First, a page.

Tips for a successful kitchen garden harvest

Harvesting your own home-grown food is one of the joys of gardening, whether you grow your vegetables in an allotment, a kitchen garden, or simply in pots on your patio. Get the best from your plants with our tips for successful harvests.

Kitchen garden tips for a successful harvest

  • Start with the soil. Work out what kind of soil you have – heavy clay, sandy, or somewhere in between – and test the pH to determine whether it's alkaline or acidic. This will help you decide which crops will grow best in your garden.

  • If you're still deciding where to locate your kitchen garden, give it as much sunshine as possible. Most fruit and vegetables need at least six hours of sunlight daily to perform at their best.

  • Mulch the soil annually in autumn or spring with a thick layer of organic material such as well-rotted farmyard manure, garden compost, or leaf mould. This mulch will be gradually worked into the soil to improve its structure, helping heavy soils to drain better and lighter soils to retain moisture.

  • Protect young seedlings from slugs and snails by starting them off in pots in a greenhouse or cold frame or indoors on a sunny windowsill. Plant them out when the plants are larger and better able to survive the loss of a few leaves to a passing slug. If your kitchen garden is small enough, do a regular late-evening patrol armed with a flashlight and bucket, and pick off any slugs and snails you find.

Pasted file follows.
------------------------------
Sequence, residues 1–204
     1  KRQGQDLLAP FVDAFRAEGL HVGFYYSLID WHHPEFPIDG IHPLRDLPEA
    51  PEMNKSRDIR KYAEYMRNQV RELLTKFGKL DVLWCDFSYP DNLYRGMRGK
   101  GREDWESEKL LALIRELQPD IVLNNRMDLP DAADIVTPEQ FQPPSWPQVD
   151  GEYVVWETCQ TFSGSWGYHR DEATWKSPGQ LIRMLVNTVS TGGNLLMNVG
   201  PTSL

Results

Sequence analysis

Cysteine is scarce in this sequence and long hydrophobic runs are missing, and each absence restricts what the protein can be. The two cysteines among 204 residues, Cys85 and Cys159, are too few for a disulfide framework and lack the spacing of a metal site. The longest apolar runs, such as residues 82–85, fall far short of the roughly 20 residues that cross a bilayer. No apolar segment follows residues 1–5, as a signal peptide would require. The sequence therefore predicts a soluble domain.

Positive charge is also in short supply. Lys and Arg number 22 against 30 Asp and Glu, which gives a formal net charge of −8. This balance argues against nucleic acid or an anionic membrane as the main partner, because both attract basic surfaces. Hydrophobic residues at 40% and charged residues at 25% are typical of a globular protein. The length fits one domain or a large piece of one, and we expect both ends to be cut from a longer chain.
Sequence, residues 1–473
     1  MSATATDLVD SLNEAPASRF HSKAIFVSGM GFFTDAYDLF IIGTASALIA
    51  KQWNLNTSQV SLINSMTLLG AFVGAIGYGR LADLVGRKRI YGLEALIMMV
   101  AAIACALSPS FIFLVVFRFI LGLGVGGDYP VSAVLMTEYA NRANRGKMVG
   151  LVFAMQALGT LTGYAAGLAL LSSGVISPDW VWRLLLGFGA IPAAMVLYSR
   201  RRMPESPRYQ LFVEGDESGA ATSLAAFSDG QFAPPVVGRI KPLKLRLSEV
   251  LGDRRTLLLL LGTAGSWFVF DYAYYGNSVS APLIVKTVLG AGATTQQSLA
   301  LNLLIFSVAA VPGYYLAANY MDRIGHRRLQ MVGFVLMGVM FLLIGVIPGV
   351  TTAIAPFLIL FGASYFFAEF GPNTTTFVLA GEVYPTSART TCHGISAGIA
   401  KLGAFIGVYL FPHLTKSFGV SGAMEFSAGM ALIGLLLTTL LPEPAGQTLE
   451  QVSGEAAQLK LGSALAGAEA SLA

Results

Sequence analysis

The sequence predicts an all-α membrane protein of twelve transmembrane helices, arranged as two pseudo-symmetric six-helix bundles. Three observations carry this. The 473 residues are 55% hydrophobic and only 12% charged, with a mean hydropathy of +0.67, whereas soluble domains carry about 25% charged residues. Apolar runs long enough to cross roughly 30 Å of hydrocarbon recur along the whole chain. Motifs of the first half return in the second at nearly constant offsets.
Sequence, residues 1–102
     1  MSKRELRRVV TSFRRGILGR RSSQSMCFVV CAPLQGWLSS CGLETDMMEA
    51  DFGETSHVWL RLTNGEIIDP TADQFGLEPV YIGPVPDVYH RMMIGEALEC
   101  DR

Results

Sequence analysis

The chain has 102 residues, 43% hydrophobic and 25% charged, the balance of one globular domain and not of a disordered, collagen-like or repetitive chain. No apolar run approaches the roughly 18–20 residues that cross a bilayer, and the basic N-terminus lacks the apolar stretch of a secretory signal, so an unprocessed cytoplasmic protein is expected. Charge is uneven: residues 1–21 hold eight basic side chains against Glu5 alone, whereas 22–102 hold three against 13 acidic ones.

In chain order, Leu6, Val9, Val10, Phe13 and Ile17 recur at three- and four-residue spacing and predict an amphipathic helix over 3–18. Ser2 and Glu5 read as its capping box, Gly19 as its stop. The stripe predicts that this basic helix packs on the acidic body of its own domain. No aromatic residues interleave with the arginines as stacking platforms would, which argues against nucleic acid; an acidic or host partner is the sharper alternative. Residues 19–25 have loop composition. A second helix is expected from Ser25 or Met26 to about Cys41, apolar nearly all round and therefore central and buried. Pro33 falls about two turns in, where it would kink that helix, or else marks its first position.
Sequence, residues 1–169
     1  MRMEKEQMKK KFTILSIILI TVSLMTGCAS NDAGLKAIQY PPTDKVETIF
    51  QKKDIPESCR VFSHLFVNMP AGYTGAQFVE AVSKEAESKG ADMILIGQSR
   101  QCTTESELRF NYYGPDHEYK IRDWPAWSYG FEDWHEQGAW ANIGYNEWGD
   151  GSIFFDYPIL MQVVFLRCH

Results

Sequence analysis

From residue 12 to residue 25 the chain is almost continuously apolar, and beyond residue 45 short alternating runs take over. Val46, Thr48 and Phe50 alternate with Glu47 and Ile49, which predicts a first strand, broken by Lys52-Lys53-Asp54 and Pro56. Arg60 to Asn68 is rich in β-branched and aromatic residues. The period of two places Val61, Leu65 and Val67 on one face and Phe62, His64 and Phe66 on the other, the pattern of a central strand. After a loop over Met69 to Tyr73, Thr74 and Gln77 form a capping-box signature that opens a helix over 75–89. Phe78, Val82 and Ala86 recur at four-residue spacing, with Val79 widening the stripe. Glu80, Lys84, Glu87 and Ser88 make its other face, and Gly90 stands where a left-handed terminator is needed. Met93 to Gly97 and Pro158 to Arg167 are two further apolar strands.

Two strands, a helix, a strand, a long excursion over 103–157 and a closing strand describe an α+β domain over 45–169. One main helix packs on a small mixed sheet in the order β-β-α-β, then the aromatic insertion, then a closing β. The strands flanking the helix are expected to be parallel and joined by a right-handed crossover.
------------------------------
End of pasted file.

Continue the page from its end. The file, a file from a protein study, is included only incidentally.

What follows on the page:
• Weed regularly. Weeds compete with your plants for water and nutrients and can harbour aphids that can transmit diseases. Tackle annual weeds by running a Dutch hoe over the soil on a dry day. The hoe cuts off the weeds just below the soil surface, and they can be left on the ground to wither.

  • Net brassicas like kale and broccoli to stop cabbage white butterflies from laying eggs on the leaves, which hatch into caterpillars with voracious appetites! It's also a good idea to regularly check the leaves' undersides to ensure nothing has slipped through the netting.

Net brassicas

  • Try companion planting – the jury's still out on how much it helps, but it's worth experimenting in your own garden. French marigolds are said to repel greenflies from tomatoes. Umbellifers (plants with flattened flowerheads) like achillea attract ladybugs and lacewings, which help to control aphids, and bee-friendly plants like lavender and borage will bring pollinators to your garden, boosting your harvest.

  • Intercropping is a great way to make the most of a small plot. Grow fast-growing crops like radishes or lettuces between the rows of slower-growing, wider-spaced plants like Brussels sprouts. The faster crops will be ready to harvest long before the slower plants get big enough to take up all the space.

Whether you're just starting out in your kitchen garden or you're an old hand at growing your own, you'll find everything you need at Buckerfield's, so come in and see us!.

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